Every young person, who’s in this resilient disciple group that we interviewed, they don’t want their faith to matter just on Sunday mornings. They want their faith to matter on all of life. They want their faith to matter on every vocation, not just in Christian ministry, but in all of the careers they’re interested in. That’s the kind of Christianity that we want our kids and grandkids to aspire to. It’s, in fact, the kind of Christianity that is real and in the real world.
That’s what’s pretty cool about interviewing these resilient disciples. As I said, this is such a hopeful project; because we learn the kinds of things these young people get inspired by and how much of a difference their faith makes in their lives.
Ann: I’m curious—as you’ve talked to these resilient disciples, is there a correlation between them and a parent that is a resilient disciple? You know, are they watching their parents, who are on fire for Jesus? Do you see more kids that are following Christ because they’ve been watching their parents? Or is there any correlation?
David: There’s a huge correlation between what a parent does and the faith of their kids. In this current context, because screens disciple, there’s also never been a time when that correlation breaks down as much as it does today. So just because you’re a good Christian parent—it might have taken you a long way in the past—it doesn’t carry the same water that it did before.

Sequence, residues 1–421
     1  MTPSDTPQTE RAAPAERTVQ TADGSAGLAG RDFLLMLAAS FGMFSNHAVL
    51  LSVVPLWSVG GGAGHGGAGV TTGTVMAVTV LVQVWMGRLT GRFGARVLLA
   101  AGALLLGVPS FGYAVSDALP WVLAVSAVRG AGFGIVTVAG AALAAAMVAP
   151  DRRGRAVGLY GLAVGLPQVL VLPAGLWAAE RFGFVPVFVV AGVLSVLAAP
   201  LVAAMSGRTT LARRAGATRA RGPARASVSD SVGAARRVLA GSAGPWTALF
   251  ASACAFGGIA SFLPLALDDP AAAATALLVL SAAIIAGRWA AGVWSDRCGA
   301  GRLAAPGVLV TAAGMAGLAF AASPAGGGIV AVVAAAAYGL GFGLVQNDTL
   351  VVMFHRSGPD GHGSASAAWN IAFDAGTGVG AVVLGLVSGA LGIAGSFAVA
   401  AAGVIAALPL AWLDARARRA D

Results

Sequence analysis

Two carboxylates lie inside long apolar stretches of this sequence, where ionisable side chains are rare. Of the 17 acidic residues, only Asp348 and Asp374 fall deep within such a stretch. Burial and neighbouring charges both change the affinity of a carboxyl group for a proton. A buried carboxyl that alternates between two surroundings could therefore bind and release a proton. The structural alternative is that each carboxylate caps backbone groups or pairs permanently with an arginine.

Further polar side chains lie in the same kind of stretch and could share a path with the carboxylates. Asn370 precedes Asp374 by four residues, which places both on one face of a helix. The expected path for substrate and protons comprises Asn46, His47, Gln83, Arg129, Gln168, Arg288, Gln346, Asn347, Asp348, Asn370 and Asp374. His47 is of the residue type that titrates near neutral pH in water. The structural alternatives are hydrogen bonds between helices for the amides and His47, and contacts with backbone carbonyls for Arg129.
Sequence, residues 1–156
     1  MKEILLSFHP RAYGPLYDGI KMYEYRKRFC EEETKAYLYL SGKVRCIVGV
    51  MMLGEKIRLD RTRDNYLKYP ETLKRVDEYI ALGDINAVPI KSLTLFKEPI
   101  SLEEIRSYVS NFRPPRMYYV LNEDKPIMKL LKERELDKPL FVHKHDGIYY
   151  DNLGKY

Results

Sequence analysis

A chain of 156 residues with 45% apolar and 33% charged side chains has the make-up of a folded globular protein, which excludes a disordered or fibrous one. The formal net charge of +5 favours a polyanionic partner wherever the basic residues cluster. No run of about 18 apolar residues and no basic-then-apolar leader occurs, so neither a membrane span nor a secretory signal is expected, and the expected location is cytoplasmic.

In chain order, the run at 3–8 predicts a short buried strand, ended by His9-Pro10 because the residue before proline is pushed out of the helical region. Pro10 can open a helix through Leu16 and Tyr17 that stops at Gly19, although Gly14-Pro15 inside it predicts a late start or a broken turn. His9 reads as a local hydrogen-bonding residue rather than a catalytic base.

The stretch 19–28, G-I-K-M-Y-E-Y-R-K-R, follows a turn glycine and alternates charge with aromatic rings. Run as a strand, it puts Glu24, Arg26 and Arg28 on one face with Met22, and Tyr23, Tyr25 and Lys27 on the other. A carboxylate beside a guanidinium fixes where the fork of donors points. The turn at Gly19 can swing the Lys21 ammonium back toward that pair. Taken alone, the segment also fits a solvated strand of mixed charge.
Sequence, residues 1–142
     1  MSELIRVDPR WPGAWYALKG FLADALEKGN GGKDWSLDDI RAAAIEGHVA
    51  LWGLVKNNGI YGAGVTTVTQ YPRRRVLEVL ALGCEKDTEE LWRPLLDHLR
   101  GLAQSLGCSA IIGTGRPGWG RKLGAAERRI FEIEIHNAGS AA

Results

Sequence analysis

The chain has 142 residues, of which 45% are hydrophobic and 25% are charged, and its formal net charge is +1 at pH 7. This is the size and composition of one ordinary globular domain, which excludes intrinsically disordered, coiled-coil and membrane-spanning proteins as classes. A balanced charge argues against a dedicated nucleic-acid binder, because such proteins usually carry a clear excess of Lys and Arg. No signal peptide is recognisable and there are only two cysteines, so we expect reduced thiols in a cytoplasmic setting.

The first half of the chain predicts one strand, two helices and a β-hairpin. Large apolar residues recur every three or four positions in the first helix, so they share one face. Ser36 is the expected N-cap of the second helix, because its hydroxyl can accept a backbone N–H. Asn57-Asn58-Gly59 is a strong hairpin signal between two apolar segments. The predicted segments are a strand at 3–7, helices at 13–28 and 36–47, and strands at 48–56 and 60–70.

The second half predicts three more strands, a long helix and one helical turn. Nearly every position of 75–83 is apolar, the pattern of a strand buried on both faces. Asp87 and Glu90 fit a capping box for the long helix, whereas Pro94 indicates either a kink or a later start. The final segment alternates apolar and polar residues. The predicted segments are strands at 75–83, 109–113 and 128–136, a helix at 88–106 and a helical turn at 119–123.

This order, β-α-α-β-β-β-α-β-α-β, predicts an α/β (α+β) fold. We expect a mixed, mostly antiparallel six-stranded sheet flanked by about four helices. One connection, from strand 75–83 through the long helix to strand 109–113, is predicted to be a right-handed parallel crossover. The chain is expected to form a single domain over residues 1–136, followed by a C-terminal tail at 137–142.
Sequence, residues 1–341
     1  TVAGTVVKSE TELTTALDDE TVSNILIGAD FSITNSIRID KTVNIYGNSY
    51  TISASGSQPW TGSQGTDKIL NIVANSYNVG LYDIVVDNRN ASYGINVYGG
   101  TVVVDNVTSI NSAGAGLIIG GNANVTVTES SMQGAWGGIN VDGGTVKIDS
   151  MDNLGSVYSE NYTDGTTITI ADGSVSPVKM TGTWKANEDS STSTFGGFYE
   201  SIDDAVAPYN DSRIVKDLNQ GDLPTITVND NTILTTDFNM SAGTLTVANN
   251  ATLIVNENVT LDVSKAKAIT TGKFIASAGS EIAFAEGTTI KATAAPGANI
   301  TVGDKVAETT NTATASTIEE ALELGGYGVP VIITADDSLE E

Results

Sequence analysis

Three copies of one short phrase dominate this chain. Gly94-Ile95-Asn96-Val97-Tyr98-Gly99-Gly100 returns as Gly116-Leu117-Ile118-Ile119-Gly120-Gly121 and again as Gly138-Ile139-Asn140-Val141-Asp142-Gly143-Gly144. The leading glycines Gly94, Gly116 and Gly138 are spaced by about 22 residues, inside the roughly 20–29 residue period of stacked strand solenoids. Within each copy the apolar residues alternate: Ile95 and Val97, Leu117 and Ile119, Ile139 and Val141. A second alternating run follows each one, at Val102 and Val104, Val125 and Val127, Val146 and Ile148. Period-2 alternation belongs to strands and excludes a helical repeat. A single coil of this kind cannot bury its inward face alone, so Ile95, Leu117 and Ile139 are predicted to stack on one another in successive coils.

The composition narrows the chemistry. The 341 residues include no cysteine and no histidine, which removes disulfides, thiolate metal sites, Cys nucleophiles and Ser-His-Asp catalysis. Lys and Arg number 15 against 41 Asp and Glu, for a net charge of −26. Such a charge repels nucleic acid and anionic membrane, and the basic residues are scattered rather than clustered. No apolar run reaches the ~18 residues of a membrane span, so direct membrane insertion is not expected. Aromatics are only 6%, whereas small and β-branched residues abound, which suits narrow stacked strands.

I think we should realize that the culture is so hard/it is so faith-depleting, that even if you do all the right things, it may or may not work. So what do we do? We pray; we work hard; we continue to believe the best about this generation. We try not to control our kids; because ultimately, God is the One who is in charge—but recognizing that parenting is a lot; but it’s not sufficient, alone today, to raise kids in this current cultural moment.
Mark: One of the things I found in doing these small groups with teenagers was how little they had a place to doubt or question on their spiritual journey. Some parents are so intense in their faith that they don’t give kids the space to be able to ask the questions or to take some of the risks. We think: “If my kid doubts this,” or “If they question this,”—that, somehow, they’re weak; or “Somehow, I’ve done something wrong,” rather than the fact that that’s actually part of what produces resilience. It’s in that doubt that they’re able to actually lean into their faith even more and become strong.